You read that correctly. We said, MIND YOUR BUSINESS. By which, we mean pay attention to what you must do to conduct business, to have business, to sustain business.
Let us expound, STOP ‘playing’ business and START ‘doing’ business. When launching a company, creating a name and business plan are essential. However, too many people get caught-up with crossing off to-dos. A Google search will pull-up a myriad of ‘how-to start a business’ articles that are nothing more than fluff— marketing tactics to draw you in. Many are written by companies that are strategically soliciting business from you— offering packages and the like. Sound familiar?
Don’t be distracted by the set-up. Filing for limited liability certification or patents, or purchasing insurance and/or inventory are all ‘musts.’ What we’re referring to are niceties, like a fancy, full-color business card/website, and an impeccably decorated office are lovely, but they are not necessities. A black and white business card from Staples (and a strong e-signature!), a Facebook business page and IG account, and your kitchen table will do “the job!” Of course, if you’re in retail, then your space is a different story.
Keep it simple! And by “it,” we’re referring to everything. You don’t need a program, a complex process or electronic forms to run your business— at least not at the onset. Sure, technology can help streamline processes and ensure efficiencies, but if Excel or Calendly isn’t in your wheelhouse, then get started with notebooks, pens and tab folders. As your business evolves, you can grow into using programs and/or tools appropriate for your capabilities and your company’s objectives. Don’t use software and apps, just because some ‘how-to article’ suggested you do!
Do what works for your business. Just because your mentor, colleagues, and/or competition wrote a book, started a podcast, or offered grand promotions last year does NOT mean that you should, too! You may be in a similar industry and you may offer a similar product or service, but your business is—and always will be— unique to YOU. Your goals and motives are distinct and; therefore, your methods of pursuing and achieving those objectives should be, too. In fact, what makes your business stand-out from the competition is what will support its success.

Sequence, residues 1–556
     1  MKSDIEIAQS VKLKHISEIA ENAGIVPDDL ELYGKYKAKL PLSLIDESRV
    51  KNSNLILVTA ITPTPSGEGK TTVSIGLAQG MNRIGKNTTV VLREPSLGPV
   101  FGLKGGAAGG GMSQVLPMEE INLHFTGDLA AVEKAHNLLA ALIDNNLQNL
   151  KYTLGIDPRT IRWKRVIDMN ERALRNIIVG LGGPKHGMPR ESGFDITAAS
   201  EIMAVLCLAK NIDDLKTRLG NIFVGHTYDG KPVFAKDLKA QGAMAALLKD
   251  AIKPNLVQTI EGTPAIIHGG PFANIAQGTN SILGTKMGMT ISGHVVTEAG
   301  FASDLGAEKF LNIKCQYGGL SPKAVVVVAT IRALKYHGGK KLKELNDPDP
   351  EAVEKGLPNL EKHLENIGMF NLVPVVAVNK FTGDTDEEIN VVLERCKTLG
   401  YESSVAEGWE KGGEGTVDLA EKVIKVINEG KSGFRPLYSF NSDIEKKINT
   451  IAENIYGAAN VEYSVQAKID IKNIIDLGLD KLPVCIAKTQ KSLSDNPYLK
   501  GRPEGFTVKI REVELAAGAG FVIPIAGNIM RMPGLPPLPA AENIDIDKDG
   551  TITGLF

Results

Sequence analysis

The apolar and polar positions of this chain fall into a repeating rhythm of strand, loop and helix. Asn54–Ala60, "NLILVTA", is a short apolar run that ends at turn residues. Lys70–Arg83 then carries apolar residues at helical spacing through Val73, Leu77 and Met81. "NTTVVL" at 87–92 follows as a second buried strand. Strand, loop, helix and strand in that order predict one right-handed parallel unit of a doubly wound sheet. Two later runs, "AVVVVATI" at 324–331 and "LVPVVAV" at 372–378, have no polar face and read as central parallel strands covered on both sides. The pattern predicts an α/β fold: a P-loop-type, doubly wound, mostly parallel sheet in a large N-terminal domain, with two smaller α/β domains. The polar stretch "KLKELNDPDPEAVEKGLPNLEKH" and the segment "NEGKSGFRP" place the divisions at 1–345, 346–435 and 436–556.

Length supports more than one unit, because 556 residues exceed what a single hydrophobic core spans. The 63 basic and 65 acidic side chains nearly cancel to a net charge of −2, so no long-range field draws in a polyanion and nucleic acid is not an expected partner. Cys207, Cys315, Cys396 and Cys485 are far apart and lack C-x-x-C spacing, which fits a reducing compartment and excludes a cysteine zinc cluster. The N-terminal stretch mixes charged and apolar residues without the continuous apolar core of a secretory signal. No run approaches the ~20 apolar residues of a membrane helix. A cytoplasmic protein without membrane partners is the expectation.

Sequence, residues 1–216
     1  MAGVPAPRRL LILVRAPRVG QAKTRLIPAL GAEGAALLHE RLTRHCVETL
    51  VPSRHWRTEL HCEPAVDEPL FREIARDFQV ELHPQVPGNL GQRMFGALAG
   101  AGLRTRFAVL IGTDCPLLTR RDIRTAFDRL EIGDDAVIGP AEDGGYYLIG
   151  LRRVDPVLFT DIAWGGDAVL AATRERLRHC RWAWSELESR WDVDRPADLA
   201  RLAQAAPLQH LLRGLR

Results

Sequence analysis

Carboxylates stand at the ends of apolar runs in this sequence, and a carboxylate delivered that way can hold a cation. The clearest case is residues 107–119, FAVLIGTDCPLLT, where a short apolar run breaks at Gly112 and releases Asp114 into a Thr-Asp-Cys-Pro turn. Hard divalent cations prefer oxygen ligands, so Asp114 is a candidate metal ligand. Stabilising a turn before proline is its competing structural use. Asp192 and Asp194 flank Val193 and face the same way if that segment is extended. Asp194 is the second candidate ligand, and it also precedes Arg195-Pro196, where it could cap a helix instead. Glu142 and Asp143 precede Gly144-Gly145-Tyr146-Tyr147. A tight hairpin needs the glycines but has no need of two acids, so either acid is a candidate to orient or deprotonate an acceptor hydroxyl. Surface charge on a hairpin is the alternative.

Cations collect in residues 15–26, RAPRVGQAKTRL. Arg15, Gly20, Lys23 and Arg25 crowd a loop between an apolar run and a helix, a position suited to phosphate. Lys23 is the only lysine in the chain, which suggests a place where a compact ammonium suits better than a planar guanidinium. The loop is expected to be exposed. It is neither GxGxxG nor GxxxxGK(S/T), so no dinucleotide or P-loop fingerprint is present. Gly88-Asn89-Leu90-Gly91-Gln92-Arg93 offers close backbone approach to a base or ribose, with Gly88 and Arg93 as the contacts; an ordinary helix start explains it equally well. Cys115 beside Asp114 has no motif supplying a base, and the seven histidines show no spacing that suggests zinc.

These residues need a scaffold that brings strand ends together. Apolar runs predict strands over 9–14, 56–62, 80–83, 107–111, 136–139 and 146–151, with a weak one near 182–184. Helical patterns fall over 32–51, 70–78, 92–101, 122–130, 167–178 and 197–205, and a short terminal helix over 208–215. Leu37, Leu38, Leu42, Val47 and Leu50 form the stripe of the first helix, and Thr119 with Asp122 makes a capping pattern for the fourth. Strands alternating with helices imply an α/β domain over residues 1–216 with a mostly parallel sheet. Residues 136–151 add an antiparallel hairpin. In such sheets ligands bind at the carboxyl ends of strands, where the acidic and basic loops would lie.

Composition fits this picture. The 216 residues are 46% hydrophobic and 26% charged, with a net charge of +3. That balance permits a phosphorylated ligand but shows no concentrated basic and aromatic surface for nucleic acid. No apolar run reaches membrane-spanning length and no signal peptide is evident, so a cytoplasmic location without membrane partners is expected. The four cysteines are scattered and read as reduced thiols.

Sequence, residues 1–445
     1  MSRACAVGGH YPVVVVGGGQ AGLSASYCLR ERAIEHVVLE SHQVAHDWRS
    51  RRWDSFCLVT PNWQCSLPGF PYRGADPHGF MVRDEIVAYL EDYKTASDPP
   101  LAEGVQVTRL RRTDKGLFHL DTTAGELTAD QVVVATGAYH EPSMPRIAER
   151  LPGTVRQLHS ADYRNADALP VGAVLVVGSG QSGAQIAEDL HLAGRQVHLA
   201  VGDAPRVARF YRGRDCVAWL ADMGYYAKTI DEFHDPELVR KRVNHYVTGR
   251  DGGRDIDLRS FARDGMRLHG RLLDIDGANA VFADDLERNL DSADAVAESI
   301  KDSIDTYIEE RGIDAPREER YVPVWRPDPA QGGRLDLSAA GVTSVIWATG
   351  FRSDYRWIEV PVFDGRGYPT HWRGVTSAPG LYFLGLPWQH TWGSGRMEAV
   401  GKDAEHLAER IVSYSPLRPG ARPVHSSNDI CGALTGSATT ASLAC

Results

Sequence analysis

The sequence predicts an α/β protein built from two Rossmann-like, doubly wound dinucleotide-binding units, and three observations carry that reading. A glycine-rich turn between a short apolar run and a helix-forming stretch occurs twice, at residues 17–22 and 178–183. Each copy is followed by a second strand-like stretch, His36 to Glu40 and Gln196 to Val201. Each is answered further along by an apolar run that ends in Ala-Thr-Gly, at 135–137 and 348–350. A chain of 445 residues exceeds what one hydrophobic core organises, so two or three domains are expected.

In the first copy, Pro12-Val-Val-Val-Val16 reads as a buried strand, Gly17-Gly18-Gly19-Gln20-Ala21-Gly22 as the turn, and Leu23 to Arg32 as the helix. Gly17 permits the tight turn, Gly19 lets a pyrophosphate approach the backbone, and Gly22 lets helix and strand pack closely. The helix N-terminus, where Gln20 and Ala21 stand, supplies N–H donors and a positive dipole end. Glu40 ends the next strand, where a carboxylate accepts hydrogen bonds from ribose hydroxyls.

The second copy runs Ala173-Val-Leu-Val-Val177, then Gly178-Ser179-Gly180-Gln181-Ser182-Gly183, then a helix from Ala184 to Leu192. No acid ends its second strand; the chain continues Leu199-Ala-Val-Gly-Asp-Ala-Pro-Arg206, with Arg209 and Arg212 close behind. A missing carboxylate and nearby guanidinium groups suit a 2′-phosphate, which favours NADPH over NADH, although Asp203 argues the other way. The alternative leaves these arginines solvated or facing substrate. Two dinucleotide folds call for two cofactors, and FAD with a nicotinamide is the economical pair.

Don’t be a copycat company. It’s ‘business and marketing 101’ to research your competition and ensure your differentiating yourself. However, many people fall into the trap of mimicking their mentors and/or companies they admire. You do you. Period. Success is made from authenticity, so if you’re following the footsteps of another, the path will never lead your business forward.
Stop comparing. Of course, you need to monitor the market— your competition and your audience—but you must keep in mind that the business coach, owner of the boutique you’ve shopped at for years, or the entrepreneur whose national conference you attended did NOT achieve her/his current success or high-profile in one-, two-, or even three-years.
Narrow your focus! Sure, we’ve said it before, but it bears repeating. Start small and “Work Backwards from a Full Belly,” as we advised in a previous Fine Line blog post (LINK). Key to a successful business plan is having a niche. You know, doing, making or offering something so unique and so well that clients/customers want it.
Whatever your ONE thing is, ensure you’ve perfected it (or nearly) before prematurely expanding. Growing and differentiating too quickly can undermine the quality of your products or services. Think we’re not considering the big picture, then consider this: Spanx started with one amazing product, Outback is known for steaks, and Apple built an empire on one computer.
Finally, enlist professional expertise for nonnegotiable items or, as we refer to them, keystone communications pieces, like a boilerplate and logo that visually and succinctly reflects who and what your company is all about. Sure, you need to be cost-conscious when starting a business, but there are branding and marketing basics that you can’t afford to skimp on. This though, my friends, is a topic for a future Fine Lines Blog Post.